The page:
One thing that New Zealand has in spades is outdoor activities. There is simply no end to the things you can do in the great outdoors across the majestic country. In Auckland alone, there is a menu as long as your arm of fun ways to get in touch with nature. For the uninitiated, here are just a few of the possibilities.
Abseiling
Does roping up and down some of the world's most beautiful cliffs and mountains sound like a nice day out to you? Then why not do some abseiling in Auckland? The surrounding area plays host to limestone cliffs and waterfalls as high as 120 feet. If you'd prefer to stay in the city centre, you can do the Rocket Ropes: two towers on Tom Pearce Drive where you can climb, abseil and rappel.
Bungy Jumping
Auckland is a great place to overcome your fear of heights.
 
In the 1980's, a couple of young kiwis, AJ Hackett and Henry van Asch, set up New Zealand's first commercial bungy operation, with a jump from the historic Kawarau Bridge near Queenstown. Since then, New Zealand has become the home of bungy, with numerous other operators starting up.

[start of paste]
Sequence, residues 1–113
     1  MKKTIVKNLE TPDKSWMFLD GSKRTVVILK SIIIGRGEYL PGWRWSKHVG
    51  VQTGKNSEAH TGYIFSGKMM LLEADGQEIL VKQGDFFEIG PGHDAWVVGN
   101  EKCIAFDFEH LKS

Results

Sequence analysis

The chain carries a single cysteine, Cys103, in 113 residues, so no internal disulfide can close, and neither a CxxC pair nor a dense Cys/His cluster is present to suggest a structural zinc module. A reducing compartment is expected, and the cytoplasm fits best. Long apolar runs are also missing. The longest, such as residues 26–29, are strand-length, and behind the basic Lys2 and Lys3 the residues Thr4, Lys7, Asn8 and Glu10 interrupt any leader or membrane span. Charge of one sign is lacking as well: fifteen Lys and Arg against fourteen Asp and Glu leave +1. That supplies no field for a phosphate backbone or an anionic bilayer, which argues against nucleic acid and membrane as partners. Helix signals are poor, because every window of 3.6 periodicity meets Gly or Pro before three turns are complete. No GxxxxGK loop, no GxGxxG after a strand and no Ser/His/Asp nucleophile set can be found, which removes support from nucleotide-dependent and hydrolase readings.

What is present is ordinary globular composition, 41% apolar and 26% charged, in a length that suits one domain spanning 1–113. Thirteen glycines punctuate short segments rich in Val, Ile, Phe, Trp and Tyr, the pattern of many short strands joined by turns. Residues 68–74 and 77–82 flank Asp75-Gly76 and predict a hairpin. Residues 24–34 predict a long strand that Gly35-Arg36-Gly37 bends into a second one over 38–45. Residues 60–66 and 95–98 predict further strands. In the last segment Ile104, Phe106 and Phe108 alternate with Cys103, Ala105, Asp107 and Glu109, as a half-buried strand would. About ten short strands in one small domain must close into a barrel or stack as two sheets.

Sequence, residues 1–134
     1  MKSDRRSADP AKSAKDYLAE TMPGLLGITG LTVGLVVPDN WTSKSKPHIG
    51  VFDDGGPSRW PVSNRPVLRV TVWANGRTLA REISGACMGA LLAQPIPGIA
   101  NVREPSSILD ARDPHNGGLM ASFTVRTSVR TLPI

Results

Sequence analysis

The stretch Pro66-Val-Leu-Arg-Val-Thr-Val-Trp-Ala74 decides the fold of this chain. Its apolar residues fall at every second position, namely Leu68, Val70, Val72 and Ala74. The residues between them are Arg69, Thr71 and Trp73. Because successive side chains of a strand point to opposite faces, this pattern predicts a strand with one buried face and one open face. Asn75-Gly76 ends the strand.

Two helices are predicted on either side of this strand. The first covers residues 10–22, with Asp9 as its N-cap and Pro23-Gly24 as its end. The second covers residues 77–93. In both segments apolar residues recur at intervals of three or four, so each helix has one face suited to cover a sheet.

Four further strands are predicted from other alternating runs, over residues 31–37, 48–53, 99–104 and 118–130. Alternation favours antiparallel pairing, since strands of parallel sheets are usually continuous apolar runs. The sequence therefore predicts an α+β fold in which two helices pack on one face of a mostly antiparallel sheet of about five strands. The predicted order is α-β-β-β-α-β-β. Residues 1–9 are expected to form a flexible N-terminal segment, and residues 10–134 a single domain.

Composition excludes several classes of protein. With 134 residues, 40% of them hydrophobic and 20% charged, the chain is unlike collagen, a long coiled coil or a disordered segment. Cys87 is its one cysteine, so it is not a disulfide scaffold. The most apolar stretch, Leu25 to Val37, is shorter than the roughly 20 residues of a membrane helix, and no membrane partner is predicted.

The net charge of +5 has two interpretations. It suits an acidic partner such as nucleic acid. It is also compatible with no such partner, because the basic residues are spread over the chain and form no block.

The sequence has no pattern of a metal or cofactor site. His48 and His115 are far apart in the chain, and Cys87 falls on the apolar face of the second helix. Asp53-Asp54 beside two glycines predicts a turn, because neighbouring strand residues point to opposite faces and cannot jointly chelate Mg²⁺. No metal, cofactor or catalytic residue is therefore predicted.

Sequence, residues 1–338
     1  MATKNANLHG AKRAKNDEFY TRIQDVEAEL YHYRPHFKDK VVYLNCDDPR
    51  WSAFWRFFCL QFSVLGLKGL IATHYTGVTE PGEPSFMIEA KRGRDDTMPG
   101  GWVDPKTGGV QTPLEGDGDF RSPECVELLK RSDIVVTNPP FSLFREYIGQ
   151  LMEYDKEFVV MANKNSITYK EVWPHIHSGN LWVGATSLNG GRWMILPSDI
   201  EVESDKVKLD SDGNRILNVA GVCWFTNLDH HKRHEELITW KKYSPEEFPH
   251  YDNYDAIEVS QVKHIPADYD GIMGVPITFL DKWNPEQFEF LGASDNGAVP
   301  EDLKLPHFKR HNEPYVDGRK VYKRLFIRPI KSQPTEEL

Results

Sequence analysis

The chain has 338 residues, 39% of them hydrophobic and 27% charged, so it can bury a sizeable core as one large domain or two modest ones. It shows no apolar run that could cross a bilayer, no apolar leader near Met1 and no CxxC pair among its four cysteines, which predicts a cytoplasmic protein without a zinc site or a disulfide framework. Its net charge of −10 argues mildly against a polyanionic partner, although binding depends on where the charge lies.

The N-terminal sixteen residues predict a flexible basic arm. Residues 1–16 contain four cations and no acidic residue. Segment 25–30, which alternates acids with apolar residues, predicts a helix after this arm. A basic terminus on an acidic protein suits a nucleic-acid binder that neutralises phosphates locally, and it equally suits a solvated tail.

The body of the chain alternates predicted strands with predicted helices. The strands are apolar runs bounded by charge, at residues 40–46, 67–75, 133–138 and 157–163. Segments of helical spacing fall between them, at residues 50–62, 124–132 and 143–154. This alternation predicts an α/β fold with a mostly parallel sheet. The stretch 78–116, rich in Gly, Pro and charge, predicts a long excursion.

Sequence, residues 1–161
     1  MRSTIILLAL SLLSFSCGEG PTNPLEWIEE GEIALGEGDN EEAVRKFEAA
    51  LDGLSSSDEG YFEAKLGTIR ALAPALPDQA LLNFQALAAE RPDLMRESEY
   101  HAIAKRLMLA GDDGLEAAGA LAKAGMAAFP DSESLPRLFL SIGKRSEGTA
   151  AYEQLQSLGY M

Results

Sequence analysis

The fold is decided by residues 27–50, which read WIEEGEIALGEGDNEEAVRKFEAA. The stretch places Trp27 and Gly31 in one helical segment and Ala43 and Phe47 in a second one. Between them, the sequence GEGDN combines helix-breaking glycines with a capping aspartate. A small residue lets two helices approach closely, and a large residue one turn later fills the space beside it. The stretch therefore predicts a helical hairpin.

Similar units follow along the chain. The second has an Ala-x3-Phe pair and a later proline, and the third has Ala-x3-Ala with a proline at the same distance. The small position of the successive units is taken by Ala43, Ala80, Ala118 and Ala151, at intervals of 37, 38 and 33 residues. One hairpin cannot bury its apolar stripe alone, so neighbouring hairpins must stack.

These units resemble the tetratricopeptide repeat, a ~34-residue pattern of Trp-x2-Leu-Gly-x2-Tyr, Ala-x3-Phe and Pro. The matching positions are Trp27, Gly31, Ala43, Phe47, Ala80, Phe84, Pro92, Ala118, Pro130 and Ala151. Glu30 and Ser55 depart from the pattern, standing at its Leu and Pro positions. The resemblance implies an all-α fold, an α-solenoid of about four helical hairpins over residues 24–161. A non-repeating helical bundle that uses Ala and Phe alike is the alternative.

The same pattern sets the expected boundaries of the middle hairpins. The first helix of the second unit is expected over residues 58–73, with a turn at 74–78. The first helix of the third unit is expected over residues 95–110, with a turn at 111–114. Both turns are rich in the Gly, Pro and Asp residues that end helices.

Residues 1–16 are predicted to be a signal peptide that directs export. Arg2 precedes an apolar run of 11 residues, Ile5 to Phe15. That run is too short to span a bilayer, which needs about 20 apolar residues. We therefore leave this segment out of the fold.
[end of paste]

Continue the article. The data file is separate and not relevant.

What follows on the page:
All over the country you can leap from bridges, climbs, rail viaducts, specially made platforms perched on the edge of cliffs, and stadium roofs.
 
The Nevis bungy is the highest and involves an incredible 134-metre plunge. You can also take a leap off the Auckland Harbour Bridge against the backdrop of the beautiful Waitemata Harbour.
 
In the Central North Island, just upstream from the Huka Falls, lies the Taupo Bungy - 47m (154 feet) above the Waikato River. You can choose to be dunked in the Waikato River below at the end of your jump.
 
Every day of the week locals and tourists alike enjoy the experience of a bungy among stunning landscapes. Bungy jumping remains one of New Zealand's most popular and renowned leisure activities.

 

Quotes about New Zealand  
It's no surprise the gorgeous landscape, rich history, jaw-dropping wildlife and vibrant culture of New Zealand have inspired some pretty famous and brilliant people to say some pretty interesting things over the centuries. Here are some of our favourite quotes about New Zealand.